‘One of the greatest artist biopics ever made.’ Jonty Claypole, Frieze
Edvard Munch draws on Peter Watkins’s unique approach to docudrama, using a cast of mostly amateur actors to render an experimental portrait of Munch’s life and the events, emotions and powerful work that defined it. Watkins conveys a strong sense of Munch’s subjective vision through careful study of his unpublished diaries and journals, reconstructing Munch’s creative process as well as his fears, inhibitions and yearning.
Edvard Much is the most personal film I have ever made. Its genesis lies in a visit to the Edvard Munch Museum in Oslo, in 1968, during the time of a screening of several of my films by the Oslo University. I was awestruck by the strength of Munch’s canvases, especially those depicting the sad life of his family, and was very moved by the artist’s directness - with the people in his canvases looking straight at us. I also felt a personal affinity with his linking of past and present, e.g., in the large painting showing the anguish of his family as his sister Sophie is dying: the artist and his brothers and sisters are depicted as adults -as they were in the 1890s when he painted this scene - even though the event had taken place ca. 20 years earlier. On another occasion, I was also very moved by Munch’s masterpiece ‘Death of a Child’, hanging in the National Gallery in Oslo; in this painting the artist is broken, and has, in an almost desperate frenzy, blurred the form of his earlier depiction of Sophie’s death. This painting, in its time, was attacked as being ‘incomplete’ - a charge which branded certain of his other works as well.’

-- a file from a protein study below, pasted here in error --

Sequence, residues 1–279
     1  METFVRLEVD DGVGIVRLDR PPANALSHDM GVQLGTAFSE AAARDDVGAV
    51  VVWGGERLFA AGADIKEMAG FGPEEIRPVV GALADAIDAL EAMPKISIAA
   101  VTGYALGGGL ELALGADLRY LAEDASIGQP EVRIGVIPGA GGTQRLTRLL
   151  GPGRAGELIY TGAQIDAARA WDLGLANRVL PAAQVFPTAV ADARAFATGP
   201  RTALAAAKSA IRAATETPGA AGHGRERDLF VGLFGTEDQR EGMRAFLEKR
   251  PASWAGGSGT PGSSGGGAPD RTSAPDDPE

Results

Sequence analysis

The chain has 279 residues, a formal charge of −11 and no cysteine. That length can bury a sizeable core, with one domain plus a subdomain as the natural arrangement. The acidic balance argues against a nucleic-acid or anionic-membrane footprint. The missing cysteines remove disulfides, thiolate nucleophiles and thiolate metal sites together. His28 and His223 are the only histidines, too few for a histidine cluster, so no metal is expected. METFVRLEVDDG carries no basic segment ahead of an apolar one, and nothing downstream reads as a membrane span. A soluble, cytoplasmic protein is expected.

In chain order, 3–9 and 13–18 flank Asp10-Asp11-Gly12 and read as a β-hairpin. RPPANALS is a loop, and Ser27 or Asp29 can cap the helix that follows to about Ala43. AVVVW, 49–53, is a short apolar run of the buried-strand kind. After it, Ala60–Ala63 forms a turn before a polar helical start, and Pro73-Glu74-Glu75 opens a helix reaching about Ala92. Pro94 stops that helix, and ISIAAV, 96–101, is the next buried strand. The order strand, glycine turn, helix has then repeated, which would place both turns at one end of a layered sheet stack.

Edvard Munch was awarded the BAFTA TV Award as Best Foreign Programme in 1977.